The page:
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Esterbrook Pencil Feeding Poorly


Toddar68
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Hi All,

 

I just received my first near as makes no difference NOS boxed Esterbrook pen and pencil set. The pencil however is doesn't seem to want to work as smoothly as is looks. In fact it hardly works at all. Does anyone have any ideas? I havent been able to take it apart yet and dont want to break anything. It's very dificult to push the cap and must be pulled off and the inner tube pulled on to grip the lead.

 

Thank you, in advance,

 

Todd

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To get it apart, you first need to clear the lead feed. What I do is ...

 

Find a straight pin, snip a little bit off the pointy part so that it is just round on the end.

 

Push down on the cap, extending the feed, and push the lead back up the feed, all the way back up into the barrel. This'll clear the channel, to that the feed prongs can contract. Remove the cap.

 

The inner mechanism screws into the barrel at the ring. The cone cap at the front where the lead comes out screws into the barrel. Push in the end as if to feed lead, and unscrew and remove the cone cap. Then, hold the barrel, grasp the ring, and unscrew the innards from the barrel. If the feed prongs don't withdraw into the into the cone cap, you haven't fully cleared the lead channel. Re-do the thing with the pin, and try again. Once you get the mechanism out, you can inspect for broken or weak spring, gunk inside the barrel, etc.

 

Hope this helps.

Edited by Hobiwan

Best Regards
Paul


“Everybody is a genius. But if you judge a fish by its ability to climb a tree, it will live its whole life believing that it is stupid.”
– Albert Einstein

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Wow. Very well done description there Paul! :notworthy1:

 

Well written procedure directions aren't very common anymore.

 

Bruce in Ocala, FL

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Thnank you Hobiwan,

 

All lead removed and I can see light from end to end. I can identify the all the parts you mention but this "ring". I have also come to realize that I neglected to mention it's a J series. I've tried to unscrew the cone from the barel but it won't budge (no heat used, just a couple bits of grippy rubber and strong fingers) The feed prongs are as closed as they'll get.

 

Best wishes and thankyou for any further help,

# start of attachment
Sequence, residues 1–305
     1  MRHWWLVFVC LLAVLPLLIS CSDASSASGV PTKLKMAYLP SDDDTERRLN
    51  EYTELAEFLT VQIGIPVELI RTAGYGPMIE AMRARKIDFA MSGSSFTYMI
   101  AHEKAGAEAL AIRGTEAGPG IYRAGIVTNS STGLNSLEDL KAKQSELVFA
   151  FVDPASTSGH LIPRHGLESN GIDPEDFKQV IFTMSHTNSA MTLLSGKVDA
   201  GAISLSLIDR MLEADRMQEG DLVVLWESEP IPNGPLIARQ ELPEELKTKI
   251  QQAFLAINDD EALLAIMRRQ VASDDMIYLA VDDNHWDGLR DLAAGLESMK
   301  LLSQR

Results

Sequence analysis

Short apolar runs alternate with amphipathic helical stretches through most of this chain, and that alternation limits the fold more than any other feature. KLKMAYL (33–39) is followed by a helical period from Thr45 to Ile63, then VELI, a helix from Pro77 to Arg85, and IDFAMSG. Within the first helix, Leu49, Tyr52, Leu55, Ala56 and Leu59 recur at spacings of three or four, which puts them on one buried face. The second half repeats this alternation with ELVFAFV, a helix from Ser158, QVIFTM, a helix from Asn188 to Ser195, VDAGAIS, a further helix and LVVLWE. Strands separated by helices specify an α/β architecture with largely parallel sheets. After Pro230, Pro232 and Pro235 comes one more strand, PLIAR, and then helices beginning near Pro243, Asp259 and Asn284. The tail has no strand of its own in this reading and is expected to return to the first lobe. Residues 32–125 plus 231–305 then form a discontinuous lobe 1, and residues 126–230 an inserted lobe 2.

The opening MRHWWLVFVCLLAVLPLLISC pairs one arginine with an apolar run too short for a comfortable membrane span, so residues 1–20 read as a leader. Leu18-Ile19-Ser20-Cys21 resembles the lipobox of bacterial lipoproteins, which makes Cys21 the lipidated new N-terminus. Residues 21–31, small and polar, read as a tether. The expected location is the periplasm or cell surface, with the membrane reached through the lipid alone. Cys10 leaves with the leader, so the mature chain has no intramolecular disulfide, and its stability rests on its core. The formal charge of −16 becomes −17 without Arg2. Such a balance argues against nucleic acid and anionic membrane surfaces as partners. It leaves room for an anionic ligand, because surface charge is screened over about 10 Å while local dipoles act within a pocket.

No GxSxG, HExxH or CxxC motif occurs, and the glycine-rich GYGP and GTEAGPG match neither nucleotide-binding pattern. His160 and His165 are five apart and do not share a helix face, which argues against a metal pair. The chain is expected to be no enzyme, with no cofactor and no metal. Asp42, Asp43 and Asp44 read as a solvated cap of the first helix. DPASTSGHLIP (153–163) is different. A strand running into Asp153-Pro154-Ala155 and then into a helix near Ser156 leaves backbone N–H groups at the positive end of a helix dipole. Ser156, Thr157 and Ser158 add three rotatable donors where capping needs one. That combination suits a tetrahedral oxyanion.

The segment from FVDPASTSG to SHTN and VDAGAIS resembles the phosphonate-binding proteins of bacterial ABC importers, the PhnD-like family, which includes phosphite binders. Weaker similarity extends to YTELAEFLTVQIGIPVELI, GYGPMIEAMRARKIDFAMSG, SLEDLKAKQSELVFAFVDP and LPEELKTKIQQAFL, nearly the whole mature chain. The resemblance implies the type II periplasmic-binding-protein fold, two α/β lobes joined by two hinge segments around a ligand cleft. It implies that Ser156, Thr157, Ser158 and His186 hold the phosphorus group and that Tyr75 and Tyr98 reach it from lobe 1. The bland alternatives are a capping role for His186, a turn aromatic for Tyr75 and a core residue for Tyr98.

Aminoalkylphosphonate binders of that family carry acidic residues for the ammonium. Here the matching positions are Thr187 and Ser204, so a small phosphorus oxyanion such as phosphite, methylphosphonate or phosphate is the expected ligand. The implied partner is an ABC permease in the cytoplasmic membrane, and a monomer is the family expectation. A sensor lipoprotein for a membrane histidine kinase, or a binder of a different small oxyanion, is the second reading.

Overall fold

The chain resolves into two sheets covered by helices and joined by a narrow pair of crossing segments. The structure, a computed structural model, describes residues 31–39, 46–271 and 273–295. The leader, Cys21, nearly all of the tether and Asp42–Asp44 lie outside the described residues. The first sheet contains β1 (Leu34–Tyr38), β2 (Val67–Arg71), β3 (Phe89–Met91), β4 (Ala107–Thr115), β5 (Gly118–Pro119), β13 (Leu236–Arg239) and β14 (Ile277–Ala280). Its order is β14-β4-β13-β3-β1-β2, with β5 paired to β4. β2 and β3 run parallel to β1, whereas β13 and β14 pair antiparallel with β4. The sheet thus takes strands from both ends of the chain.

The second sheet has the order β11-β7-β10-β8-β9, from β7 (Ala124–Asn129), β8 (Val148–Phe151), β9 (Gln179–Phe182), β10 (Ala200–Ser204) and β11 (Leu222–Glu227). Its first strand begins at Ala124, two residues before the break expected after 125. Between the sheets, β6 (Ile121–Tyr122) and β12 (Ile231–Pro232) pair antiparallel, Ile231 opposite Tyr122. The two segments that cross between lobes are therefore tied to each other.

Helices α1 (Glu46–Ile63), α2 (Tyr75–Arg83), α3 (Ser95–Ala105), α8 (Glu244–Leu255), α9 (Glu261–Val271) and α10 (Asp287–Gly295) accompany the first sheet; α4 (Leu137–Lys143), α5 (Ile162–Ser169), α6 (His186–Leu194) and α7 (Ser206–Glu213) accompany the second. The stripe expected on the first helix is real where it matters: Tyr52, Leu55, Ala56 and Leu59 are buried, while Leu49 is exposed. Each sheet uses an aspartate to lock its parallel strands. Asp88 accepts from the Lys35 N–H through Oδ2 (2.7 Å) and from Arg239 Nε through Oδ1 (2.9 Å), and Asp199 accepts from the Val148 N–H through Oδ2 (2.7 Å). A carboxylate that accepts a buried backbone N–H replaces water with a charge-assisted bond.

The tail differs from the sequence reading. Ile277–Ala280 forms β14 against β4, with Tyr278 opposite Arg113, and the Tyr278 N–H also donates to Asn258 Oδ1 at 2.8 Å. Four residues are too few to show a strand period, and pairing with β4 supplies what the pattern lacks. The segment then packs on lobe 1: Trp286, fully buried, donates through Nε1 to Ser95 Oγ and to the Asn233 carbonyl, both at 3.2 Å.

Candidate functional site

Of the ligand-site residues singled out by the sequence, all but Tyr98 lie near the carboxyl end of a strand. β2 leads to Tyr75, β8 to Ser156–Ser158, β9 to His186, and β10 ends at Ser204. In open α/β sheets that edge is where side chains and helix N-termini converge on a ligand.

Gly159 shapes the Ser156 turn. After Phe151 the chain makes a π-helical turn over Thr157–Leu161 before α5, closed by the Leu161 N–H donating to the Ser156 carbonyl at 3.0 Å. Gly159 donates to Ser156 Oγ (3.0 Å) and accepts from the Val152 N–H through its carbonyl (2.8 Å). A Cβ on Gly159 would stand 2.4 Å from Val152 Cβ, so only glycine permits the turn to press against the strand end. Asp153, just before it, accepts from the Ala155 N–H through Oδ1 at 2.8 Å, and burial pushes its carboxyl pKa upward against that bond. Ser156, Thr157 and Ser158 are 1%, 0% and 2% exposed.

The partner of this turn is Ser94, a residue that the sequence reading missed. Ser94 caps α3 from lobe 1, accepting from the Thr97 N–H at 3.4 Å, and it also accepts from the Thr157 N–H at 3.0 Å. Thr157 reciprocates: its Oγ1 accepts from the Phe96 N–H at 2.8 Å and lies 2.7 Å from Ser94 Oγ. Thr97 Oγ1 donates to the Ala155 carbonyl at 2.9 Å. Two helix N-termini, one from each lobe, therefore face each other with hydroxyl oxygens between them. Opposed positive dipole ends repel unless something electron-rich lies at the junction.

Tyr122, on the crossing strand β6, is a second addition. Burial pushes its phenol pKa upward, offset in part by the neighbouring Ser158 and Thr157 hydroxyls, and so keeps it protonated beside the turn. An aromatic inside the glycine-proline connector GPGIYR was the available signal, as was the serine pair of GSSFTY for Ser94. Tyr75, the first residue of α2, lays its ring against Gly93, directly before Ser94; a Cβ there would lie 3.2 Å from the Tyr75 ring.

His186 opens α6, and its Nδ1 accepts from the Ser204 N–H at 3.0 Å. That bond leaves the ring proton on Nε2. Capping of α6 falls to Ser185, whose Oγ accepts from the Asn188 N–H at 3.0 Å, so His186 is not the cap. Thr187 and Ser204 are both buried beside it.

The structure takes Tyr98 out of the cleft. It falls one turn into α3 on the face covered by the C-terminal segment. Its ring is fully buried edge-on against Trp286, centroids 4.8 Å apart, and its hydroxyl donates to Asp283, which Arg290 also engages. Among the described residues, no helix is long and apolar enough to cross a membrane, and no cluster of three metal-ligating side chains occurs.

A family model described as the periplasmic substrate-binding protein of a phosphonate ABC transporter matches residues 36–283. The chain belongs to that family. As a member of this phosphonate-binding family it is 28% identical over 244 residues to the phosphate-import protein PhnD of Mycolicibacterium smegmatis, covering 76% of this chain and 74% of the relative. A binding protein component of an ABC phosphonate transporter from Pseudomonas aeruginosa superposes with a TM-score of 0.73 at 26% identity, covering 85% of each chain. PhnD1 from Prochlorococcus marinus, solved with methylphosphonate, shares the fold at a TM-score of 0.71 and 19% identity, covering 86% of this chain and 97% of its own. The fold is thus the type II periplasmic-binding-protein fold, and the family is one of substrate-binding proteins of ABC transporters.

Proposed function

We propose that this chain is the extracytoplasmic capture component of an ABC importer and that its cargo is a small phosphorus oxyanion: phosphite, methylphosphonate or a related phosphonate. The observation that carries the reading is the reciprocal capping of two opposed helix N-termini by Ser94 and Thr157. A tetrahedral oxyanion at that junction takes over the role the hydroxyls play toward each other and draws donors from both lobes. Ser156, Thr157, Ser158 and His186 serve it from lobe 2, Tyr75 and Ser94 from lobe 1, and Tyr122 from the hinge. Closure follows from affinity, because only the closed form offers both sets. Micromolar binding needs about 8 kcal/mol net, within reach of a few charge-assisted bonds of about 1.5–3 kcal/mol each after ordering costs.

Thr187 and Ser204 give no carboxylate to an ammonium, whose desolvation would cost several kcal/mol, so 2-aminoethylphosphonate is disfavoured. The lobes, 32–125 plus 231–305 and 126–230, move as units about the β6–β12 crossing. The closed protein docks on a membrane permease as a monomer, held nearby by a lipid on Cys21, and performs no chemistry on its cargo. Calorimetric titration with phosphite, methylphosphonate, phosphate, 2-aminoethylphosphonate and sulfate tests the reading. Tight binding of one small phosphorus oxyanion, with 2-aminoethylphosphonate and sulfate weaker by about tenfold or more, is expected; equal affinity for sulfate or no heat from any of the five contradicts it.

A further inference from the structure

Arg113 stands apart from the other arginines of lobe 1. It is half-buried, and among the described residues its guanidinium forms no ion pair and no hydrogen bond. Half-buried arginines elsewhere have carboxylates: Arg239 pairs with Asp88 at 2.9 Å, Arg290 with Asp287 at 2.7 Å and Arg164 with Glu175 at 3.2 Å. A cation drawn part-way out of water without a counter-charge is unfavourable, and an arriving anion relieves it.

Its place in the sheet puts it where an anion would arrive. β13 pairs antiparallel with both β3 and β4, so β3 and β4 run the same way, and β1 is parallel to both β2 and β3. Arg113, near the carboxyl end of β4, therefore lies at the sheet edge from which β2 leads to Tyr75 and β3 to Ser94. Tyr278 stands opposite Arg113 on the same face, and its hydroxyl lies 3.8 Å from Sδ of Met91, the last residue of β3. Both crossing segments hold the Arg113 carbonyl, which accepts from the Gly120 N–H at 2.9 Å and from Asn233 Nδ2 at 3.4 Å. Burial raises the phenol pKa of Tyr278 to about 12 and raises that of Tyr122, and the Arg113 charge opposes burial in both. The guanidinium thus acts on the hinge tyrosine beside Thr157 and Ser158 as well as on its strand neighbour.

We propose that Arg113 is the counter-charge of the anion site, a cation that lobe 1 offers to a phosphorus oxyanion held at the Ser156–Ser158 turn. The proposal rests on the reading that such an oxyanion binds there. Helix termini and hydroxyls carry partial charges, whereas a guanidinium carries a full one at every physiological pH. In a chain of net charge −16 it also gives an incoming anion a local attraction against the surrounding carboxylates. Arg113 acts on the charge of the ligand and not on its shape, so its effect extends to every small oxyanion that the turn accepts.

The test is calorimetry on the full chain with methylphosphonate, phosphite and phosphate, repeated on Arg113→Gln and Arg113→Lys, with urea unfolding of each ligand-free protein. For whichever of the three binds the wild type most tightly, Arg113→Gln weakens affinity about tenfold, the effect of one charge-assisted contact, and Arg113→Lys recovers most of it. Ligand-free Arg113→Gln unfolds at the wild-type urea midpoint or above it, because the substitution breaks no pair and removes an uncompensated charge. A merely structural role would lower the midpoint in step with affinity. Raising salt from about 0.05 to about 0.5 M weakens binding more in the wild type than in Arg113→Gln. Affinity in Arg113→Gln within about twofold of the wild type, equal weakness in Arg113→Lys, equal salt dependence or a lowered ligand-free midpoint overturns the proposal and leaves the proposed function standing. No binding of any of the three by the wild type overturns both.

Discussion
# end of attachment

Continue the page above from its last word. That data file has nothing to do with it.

Todd

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Thnank you Hobiwan,

 

All lead removed and I can see light from end to end. I can identify the all the parts you mention but this "ring". I have also come to realize that I neglected to mention it's a J series. I've tried to unscrew the cone from the barel but it won't budge (no heat used, just a couple bits of grippy rubber and strong fingers) The feed prongs are as closed as they'll get.

 

Best wishes and thankyou for any further help,

 

Todd

 

Sorry, I probably should have said "ring-looking part of the mech at the cap end of the barrel". The "ring" on regular "J" pencils is actually part of the mech, but looks like a ring. It's right at the end of the plastic of the barrel, and screws into it. It's about 1/4 inch, and not much to grab. If you're working with a Pastel pencil, the only thing holding the mech in is the cone.

 

You're right about the cone being tight, although some are loose enough to undo with bare fingers. I had to use pliers (oh no!) around a piece of rubber automobile water hose, and a bit of muscle to get both ends unscrewed on mine. Pushing the rear to extend the prongs makes it easier. Tight as it is, it'll come.

 

Controlled strength is important. Be strong enough to make it twist, but not so strong as to bend/warp/crunch the part (done that once or twice).

Best Regards
Paul


“Everybody is a genius. But if you judge a fish by its ability to climb a tree, it will live its whole life believing that it is stupid.”
– Albert Einstein

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Another huge thank you Hobiwan for such detailed instructions. :clap1: Having a couple of pencils which are in working condition (and hopefully stay that way for a very long time), I have a follow up question. How easy is it to find a suitable spring should one in a pencil need replacing?

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My first offering is "Good Luck". Not necessarily finding one, but INSTALLING it. I've never done it myself, but what I'd try to do is simply find one out in the marketplace. Much easier would be to simply find a "donor" pencil of the same size and pull the mech from that one.

 

But...if it had to be done, I'd....